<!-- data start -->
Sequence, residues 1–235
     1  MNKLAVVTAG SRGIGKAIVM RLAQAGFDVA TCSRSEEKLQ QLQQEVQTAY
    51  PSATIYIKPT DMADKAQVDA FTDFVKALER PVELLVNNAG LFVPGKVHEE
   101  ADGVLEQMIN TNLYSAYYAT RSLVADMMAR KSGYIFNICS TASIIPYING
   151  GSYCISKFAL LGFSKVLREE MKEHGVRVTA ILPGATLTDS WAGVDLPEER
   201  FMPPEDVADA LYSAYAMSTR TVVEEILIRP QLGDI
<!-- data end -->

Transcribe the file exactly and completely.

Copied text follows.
Sequence, residues 1–235
     1  MNKLAVVTAG SRGIGKAIVM RLAQAGFDVA TCSRSEEKLQ QLQQEVQTAY
    51  PSATIYIKPT DMADKAQVDA FTDFVKALER PVELLVNNAG LFVPGKVHEE
   101  ADGVLEQMIN TNLYSAYYAT RSLVADMMAR KSGYIFNICS TASIIPYING
   151  GSYCISKFAL LGFSKVLREE MKEHGVRVTA ILPGATLTDS WAGVDLPEER
   201  FMPPEDVADA LYSAYAMSTR TVVEEILIRP QLGDI